SL: Rick Riordan’s first middle grade novel, The Lightning Thief, was acquired at auction before my time at Disney. Rick chose to go with Miramax Books, which eventually became part of Disney-Hyperion. Jennifer Besser (now at Macmillan) edited the Percy Jackson and the Olympians series. I took over as Rick’s editor after she left, picking up on the Kane Chronicles trilogy. I was amazed by how he made ancient Egyptian mythology relevant to modern readers with exciting adventure, relatable characters, a healthy dose of humor, and a breakneck pace. He makes it look easy.

JR: What’s changed in publishing between the time you started and now?

SL: What hasn’t? I’m so old (How old are you?), I pre-date office computers! Yes, we had to type on Selectrics, using carbon paper. The biggest changes have come from: corporate buy-outs of family-owned companies, which necessitated more attention to the bottom line; the rise of chain bookstores; the Harry Potter phenomenon, which brought hardcover fiction back from the brink of death; the importance of social media in author promotion; Amazon’s dominance; and today, more focus on diversity.

JR: I grew up doing all my reports on typewriters. Slightly easier now. And by the way, I could’ve sworn I heard Gene Rayburn say the “I’m so old” part before you answered (How old are you?) But back to the interview. Disney has recently acquired a lot of new properties. Does that mean anything for the publishing division?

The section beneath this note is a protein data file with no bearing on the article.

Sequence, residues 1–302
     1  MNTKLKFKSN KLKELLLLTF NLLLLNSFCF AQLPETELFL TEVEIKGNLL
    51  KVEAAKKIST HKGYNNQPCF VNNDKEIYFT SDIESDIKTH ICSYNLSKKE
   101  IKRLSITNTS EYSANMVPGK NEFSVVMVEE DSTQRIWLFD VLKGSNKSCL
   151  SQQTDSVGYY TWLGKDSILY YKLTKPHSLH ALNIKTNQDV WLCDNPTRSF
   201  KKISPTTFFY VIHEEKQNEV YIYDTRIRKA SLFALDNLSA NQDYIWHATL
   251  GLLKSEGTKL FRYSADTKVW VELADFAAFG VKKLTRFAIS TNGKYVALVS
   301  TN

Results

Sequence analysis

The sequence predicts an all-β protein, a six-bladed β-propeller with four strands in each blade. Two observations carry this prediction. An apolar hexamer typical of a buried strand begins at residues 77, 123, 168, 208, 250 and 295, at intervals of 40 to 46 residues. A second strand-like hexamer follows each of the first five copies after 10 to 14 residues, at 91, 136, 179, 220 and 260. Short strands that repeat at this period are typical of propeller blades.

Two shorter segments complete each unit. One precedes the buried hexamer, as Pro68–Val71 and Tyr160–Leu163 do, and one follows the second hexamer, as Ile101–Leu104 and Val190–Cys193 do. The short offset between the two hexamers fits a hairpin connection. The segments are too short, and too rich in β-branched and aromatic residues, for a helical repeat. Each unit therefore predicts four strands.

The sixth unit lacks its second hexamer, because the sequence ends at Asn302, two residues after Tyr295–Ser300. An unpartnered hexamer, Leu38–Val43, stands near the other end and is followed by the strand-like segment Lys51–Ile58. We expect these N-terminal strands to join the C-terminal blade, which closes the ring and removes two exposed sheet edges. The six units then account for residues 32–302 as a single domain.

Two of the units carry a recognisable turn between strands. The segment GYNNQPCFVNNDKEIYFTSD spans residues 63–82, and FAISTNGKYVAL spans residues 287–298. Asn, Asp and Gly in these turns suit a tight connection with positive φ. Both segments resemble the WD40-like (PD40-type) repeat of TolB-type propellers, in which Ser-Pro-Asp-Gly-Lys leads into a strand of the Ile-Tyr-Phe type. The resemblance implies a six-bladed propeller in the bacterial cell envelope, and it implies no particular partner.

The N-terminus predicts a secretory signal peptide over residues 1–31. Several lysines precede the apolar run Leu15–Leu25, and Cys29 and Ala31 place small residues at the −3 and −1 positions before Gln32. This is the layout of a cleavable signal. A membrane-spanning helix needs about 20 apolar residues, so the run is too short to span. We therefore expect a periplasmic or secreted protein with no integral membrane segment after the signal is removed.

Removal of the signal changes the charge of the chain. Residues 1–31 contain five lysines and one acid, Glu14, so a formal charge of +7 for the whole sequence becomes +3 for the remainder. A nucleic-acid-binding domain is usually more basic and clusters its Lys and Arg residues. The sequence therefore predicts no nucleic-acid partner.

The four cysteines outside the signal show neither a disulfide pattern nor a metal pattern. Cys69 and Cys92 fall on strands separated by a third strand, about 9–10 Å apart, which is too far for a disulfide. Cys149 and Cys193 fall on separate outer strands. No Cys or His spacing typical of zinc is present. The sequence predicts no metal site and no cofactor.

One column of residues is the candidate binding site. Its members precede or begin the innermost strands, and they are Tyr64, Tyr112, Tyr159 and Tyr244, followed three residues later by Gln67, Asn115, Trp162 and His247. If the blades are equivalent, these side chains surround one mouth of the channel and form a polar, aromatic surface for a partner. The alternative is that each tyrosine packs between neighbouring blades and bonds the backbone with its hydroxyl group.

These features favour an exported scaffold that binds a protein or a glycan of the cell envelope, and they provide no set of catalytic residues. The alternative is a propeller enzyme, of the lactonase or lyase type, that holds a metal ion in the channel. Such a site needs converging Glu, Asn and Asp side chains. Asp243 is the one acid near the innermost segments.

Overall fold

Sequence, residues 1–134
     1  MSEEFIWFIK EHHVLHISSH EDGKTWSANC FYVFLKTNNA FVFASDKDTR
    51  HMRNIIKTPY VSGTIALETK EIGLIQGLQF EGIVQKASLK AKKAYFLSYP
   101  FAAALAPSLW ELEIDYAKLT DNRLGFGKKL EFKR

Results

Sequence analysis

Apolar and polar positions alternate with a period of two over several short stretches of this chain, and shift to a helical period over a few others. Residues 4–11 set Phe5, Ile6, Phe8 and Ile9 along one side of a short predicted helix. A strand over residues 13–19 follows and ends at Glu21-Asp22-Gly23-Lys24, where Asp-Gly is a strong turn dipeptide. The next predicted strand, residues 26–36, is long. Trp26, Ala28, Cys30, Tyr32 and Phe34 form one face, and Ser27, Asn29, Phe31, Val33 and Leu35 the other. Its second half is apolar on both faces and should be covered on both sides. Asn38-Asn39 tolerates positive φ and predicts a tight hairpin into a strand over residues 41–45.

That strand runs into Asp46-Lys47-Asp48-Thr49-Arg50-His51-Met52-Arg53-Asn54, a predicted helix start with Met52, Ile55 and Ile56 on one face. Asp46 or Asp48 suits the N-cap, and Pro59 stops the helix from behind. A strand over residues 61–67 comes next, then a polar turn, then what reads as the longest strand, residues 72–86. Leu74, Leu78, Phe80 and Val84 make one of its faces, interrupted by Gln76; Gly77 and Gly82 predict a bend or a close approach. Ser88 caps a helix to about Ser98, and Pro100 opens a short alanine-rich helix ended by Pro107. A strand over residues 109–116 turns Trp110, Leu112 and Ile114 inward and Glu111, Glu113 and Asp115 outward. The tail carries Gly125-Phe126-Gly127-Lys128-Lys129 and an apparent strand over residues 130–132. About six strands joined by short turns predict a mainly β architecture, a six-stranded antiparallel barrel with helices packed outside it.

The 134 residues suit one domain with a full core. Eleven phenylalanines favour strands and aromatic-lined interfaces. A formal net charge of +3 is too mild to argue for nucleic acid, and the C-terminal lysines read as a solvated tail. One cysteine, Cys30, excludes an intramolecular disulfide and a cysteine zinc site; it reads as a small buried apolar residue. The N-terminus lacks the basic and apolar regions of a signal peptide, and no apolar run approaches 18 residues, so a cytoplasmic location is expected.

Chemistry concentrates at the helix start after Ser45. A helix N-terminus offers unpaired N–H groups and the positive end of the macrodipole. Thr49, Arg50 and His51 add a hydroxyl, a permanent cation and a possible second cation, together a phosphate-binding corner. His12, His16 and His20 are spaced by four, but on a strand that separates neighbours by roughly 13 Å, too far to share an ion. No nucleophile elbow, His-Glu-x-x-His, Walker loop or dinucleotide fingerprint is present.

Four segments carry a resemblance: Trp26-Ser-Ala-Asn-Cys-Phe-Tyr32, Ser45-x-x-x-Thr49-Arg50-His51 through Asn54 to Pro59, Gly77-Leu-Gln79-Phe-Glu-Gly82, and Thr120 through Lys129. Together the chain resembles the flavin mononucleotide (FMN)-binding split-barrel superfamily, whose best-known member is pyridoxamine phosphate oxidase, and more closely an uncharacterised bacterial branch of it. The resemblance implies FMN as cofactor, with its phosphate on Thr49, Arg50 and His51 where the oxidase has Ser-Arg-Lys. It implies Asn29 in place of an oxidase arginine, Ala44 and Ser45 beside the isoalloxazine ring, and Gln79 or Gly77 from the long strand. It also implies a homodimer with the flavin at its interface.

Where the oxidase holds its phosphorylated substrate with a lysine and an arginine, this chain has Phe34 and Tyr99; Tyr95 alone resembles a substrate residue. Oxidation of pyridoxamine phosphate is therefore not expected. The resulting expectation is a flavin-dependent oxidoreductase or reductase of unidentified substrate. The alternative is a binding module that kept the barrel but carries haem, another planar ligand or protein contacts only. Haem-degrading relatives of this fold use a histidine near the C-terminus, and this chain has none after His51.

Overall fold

SL: Disney now encompasses several premiere brands, such as Pixar, Marvel, Star Wars, and Fox Entertainment. We can publish against all of these brands, from straight movie tie-ins to extension books that tell new stories based on the characters from the movies. It also means that there is more opportunity for intercompany synergy for authors writing their own IP (intellectual property).

JR: What do you enjoy the most about your job?

SL: I’m having a blast helping Rick curate the Rick Riordan Presents line of middle grade fiction by under-represented authors who want to write stories about their own cultures’ folklore and mythology. I send him submissions to consider, acquire the projects we agree on, edit the manuscripts, and collaborate with my colleagues on book design and promotion.

JR: All that sounds like a tremendous amount of fun. What sort of books do you look for?

SL: For Rick Riordan Presents, we want the same qualities that make Rick’s own books so popular, because the imprint was created to satisfy his fans’ craving for adventure based on mythology. We look for a funny, snarky teenage voice; a fast pace; an exciting, high-stakes plot; and a likeable but flawed protagonist who grows over the course of the story.

JR: The kinds of books I love! Are you very hands-on with your authors?